The Georgetown Advanced eDiscovery Institute

The Advanced eDiscovery Institute

A continuing education program by Georgetown Law School

This year the program was held December 6 & 7

The agenda and roster of speakers can be found here.

This conference is considered one of the most highly regarded e-discovery learning events of the year.  Learn something new about e-discovery today by reviewing the blogs and articles below:

Exterro’s E-Discovery Beat Blog live blogged notes from the conference

Other notes & blogs summarizing the learning experience

Advertisements

Learning About Data Maps

Most data maps or content maps or “who-knows-where-the-data-is” diagrams are anywhere from 9 to 18 months out of date.  Any IT network manager will tell you that creating a diagram of everything on the company network is not a fun or easy activity. Add to that the litigator’s need to know who has/had access to potentially discoverable information and the size of the task more than doubles. Today, we fortunately have tools that help automate parts or all of this but how effective those tools are depends on a lot of variables. Our interest now is to provide a few resources and definitions to help you begin conversations with your e-discovery team about data mapping.

E-Discovery attorneys, project managers and paralegals will want to become familiar with their client’s data map as early as possible in a litigation matter.  If you’re the e-discovery liaison for a corporation, you will be want to be very familiar with your organization’s network data map.  According to the Electronic Discovery Reference Model, here’s what you need to know about data maps:

You can’t secure it if you can’t find it. An essential component to a successful electronic discovery project is an accurate picture of the target company’s data sources. It is important to keep in mind that all company information technology infrastructures are not created equal. The hardware and software deployed to accomplish commonplace tasks such as managing company e-mail or creating data backups, varies widely from organization to organization. Indeed, it likely varies within the target company if the timeframe in question is broad enough, or if the company is widely distributed in various geographic locations.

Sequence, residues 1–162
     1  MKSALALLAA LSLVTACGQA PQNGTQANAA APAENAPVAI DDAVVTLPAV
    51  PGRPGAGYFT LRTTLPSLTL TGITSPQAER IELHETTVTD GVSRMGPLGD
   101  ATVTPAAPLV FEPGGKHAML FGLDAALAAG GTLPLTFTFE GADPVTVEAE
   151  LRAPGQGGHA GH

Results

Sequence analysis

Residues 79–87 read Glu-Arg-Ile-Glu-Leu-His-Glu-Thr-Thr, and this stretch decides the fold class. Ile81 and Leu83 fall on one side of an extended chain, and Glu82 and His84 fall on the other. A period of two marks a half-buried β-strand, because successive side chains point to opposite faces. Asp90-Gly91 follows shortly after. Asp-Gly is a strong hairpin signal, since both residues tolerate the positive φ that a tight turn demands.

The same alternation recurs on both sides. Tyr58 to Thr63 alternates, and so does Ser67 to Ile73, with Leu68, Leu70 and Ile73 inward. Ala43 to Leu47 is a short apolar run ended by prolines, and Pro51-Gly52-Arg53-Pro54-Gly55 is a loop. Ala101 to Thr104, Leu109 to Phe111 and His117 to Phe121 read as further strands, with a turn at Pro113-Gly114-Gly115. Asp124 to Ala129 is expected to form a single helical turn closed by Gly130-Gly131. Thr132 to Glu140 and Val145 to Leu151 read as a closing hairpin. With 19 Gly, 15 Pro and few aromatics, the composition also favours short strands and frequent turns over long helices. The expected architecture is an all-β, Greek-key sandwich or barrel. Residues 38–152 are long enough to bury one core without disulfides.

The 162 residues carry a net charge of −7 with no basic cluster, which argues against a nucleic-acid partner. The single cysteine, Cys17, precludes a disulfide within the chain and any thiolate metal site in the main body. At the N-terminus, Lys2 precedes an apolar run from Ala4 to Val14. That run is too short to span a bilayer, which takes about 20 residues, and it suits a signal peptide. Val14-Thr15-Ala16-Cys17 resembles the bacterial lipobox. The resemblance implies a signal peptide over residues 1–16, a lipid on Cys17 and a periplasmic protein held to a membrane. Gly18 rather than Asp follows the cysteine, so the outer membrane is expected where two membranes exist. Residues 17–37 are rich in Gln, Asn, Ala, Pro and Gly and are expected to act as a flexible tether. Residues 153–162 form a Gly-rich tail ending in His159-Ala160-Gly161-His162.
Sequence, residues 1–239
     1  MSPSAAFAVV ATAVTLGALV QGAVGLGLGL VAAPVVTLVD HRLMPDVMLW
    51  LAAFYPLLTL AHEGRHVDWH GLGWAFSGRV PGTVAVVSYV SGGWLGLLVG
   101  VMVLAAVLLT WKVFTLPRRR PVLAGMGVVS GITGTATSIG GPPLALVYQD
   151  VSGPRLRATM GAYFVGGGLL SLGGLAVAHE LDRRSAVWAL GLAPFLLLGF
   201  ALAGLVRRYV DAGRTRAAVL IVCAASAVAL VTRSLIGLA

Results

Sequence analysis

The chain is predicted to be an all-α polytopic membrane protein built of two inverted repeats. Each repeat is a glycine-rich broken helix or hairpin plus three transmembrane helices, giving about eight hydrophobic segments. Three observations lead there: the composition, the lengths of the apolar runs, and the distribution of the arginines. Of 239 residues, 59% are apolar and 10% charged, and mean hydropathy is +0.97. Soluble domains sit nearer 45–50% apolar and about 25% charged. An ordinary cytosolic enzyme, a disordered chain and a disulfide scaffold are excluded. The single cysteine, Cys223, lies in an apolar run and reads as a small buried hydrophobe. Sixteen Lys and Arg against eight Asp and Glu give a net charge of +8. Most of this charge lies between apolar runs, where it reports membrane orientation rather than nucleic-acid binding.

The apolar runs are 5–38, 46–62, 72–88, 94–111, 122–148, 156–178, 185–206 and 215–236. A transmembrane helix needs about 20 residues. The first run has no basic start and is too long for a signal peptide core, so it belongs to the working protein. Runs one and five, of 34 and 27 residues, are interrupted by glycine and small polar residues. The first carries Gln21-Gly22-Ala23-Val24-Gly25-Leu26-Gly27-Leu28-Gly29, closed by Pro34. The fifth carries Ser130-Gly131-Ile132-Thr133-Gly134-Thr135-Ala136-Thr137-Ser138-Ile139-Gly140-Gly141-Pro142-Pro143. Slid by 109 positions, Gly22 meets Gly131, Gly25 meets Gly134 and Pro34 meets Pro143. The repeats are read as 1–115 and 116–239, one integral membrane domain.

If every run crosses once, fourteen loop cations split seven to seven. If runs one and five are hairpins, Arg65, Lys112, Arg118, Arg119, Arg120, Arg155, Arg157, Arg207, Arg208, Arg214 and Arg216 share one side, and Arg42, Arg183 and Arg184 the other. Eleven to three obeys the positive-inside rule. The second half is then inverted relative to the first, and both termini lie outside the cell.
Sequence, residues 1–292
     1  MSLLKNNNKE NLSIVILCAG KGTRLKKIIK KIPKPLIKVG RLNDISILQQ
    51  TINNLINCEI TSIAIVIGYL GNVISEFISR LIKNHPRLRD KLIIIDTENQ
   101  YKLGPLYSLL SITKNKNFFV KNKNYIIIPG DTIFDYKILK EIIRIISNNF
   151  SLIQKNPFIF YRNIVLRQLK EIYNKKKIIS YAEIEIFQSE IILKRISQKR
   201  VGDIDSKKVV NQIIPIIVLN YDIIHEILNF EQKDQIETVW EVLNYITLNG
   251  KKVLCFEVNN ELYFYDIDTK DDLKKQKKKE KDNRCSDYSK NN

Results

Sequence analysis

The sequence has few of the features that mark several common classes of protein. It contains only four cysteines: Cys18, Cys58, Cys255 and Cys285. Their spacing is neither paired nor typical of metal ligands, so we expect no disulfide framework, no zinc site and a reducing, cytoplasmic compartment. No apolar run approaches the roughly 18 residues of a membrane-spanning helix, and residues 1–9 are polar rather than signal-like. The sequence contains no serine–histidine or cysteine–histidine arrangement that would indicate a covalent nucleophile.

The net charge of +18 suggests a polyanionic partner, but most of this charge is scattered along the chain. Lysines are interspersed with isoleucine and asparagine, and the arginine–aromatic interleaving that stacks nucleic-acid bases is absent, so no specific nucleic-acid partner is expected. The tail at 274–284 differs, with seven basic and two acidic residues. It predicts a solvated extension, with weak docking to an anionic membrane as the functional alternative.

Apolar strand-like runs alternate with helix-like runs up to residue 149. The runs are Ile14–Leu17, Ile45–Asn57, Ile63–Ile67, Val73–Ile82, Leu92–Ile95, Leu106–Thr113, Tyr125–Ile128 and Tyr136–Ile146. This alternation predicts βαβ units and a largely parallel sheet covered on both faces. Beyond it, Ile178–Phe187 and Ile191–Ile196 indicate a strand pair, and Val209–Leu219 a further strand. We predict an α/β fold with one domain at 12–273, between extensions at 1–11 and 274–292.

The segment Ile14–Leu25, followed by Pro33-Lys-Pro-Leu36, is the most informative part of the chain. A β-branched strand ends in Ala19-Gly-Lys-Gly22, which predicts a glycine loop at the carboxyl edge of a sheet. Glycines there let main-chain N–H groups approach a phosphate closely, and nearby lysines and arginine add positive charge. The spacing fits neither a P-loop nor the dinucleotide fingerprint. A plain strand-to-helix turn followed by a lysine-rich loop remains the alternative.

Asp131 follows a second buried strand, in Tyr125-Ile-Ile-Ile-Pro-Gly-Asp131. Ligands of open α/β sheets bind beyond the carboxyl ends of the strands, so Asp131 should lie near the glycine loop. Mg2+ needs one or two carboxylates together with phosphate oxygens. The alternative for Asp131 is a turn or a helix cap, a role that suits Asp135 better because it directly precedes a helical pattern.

This identification process implicates many types of servers with active and dynamic data (e.g. file servers, collaboration servers, e-mail servers) and many interrelated data management systems (e.g. document management systems, financial systems, disaster recovery and backup systems). This includes servers responsible for general company data, as well as user specific data, such as user home directories or departmental shared directories. It also includes the myriad of devices that users employ to utilize that data, including desktop computers, photocopiers, calendars, Instant Messaging (IM), text, PDA’s and cell phones, smart phones, and memory cards. Lastly, it implicates inactive data archives on various media such as hard drives, servers, recycle bins, tape backups, flash drives, CD-ROMs and DVDs. All of this is further complicated by the fact that legacy data, potentially across all these categories, may exist from previous company systems within the relevant time period. The necessary hardware, software or technical expertise to access such legacy data may no longer exist within the target company.

Additionally, I would add the following resources for learning about e-discovery data maps to your reading:

ESI Data Mapping Resources

Best Practices

And if you are an information governance or records management professional, then you may find this resource helpful, too:

Five Free Apps for Diagramming Your Network

Now Available On-Demand – E-Discovery Project Management Training

Did you miss the live online class we offered a couple of months ago? No worries, it’s now available on-demand.

E-Discovery Project Management On-Demand Training – Litigation Paralegal Bootcamp

AGENDA TOPICS INCLUDE:

•Project Management Methodologies: Which will work for your next e-discovery project?

•Role of a Project Manager

•What does it take to transition from senior paralegal to e-discovery project manager?

•What Should Be in Your Standard Operating Procedure (SOP)

•Outline of Best Practices for Each Phase of Your SOP

•EDPM Responsibility Matrix, Planning Resources and Budgeting

 

This course is only 90 minutes and can be completed on your lunch hour.

 

LTNY 2012 in Review

Learning about electronic discovery includes keeping up to date with the latest technology and practice trends in our field. Legal Tech New York 2012 was this year’s first major trade show and conference. Here are a few of the top blog posts & articles covering the event:

Apersee

E-Discovery Journal

E- Discovery Daily

E-discovery Beat

Legal Talk Network – podcast 1 and podcast 2

eDisclosure Information Project

Discovery Resources